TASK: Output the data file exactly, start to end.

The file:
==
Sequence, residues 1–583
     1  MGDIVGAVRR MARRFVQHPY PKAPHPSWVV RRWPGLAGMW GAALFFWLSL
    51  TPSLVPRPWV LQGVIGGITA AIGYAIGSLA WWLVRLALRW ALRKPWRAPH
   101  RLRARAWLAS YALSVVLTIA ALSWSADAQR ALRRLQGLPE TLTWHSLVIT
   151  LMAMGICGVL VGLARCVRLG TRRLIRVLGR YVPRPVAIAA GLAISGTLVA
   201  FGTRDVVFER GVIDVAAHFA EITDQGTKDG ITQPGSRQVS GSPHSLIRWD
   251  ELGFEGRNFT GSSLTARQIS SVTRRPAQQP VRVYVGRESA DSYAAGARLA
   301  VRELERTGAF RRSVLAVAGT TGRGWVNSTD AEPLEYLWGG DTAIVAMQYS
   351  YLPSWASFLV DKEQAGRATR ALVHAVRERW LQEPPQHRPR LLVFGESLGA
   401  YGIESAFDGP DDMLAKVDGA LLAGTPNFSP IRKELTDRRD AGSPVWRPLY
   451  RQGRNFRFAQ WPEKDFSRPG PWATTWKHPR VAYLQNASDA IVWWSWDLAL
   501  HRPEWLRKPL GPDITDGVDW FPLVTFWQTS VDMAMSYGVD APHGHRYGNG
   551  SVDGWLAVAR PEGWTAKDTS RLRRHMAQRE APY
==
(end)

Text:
Sequence, residues 1–583
     1  MGDIVGAVRR MARRFVQHPY PKAPHPSWVV RRWPGLAGMW GAALFFWLSL
    51  TPSLVPRPWV LQGVIGGITA AIGYAIGSLA WWLVRLALRW ALRKPWRAPH
   101  RLRARAWLAS YALSVVLTIA ALSWSADAQR ALRRLQGLPE TLTWHSLVIT
   151  LMAMGICGVL VGLARCVRLG TRRLIRVLGR YVPRPVAIAA GLAISGTLVA
   201  FGTRDVVFER GVIDVAAHFA EITDQGTKDG ITQPGSRQVS GSPHSLIRWD
   251  ELGFEGRNFT GSSLTARQIS SVTRRPAQQP VRVYVGRESA DSYAAGARLA
   301  VRELERTGAF RRSVLAVAGT TGRGWVNSTD AEPLEYLWGG DTAIVAMQYS
   351  YLPSWASFLV DKEQAGRATR ALVHAVRERW LQEPPQHRPR LLVFGESLGA
   401  YGIESAFDGP DDMLAKVDGA LLAGTPNFSP IRKELTDRRD AGSPVWRPLY
   451  RQGRNFRFAQ WPEKDFSRPG PWATTWKHPR VAYLQNASDA IVWWSWDLAL
   501  HRPEWLRKPL GPDITDGVDW FPLVTFWQTS VDMAMSYGVD APHGHRYGNG
   551  SVDGWLAVAR PEGWTAKDTS RLRRHMAQRE APY